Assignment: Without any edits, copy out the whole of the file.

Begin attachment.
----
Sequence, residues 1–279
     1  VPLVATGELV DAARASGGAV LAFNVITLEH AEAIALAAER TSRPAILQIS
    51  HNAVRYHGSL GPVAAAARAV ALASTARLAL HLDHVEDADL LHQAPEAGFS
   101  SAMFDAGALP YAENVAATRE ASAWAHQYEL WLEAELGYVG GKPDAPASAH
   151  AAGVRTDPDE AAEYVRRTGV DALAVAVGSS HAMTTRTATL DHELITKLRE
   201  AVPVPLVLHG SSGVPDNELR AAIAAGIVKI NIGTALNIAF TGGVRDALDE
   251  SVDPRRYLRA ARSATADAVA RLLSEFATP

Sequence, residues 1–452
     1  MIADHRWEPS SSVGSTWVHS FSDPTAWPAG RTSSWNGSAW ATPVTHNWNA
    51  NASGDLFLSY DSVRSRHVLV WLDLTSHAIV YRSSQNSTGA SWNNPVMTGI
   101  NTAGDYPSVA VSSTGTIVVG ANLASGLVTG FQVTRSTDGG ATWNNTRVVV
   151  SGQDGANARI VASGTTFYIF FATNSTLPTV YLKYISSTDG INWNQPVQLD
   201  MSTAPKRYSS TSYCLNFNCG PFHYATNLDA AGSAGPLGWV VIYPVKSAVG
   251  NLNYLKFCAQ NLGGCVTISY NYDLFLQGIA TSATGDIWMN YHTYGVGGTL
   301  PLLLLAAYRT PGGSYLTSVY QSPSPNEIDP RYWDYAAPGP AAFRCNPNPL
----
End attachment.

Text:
Sequence, residues 1–279
     1  VPLVATGELV DAARASGGAV LAFNVITLEH AEAIALAAER TSRPAILQIS
    51  HNAVRYHGSL GPVAAAARAV ALASTARLAL HLDHVEDADL LHQAPEAGFS
   101  SAMFDAGALP YAENVAATRE ASAWAHQYEL WLEAELGYVG GKPDAPASAH
   151  AAGVRTDPDE AAEYVRRTGV DALAVAVGSS HAMTTRTATL DHELITKLRE
   201  AVPVPLVLHG SSGVPDNELR AAIAAGIVKI NIGTALNIAF TGGVRDALDE
   251  SVDPRRYLRA ARSATADAVA RLLSEFATP

Sequence, residues 1–452
     1  MIADHRWEPS SSVGSTWVHS FSDPTAWPAG RTSSWNGSAW ATPVTHNWNA
    51  NASGDLFLSY DSVRSRHVLV WLDLTSHAIV YRSSQNSTGA SWNNPVMTGI
   101  NTAGDYPSVA VSSTGTIVVG ANLASGLVTG FQVTRSTDGG ATWNNTRVVV
   151  SGQDGANARI VASGTTFYIF FATNSTLPTV YLKYISSTDG INWNQPVQLD
   201  MSTAPKRYSS TSYCLNFNCG PFHYATNLDA AGSAGPLGWV VIYPVKSAVG
   251  NLNYLKFCAQ NLGGCVTISY NYDLFLQGIA TSATGDIWMN YHTYGVGGTL
   301  PLLLLAAYRT PGGSYLTSVY QSPSPNEIDP RYWDYAAPGP AAFRCNPNPL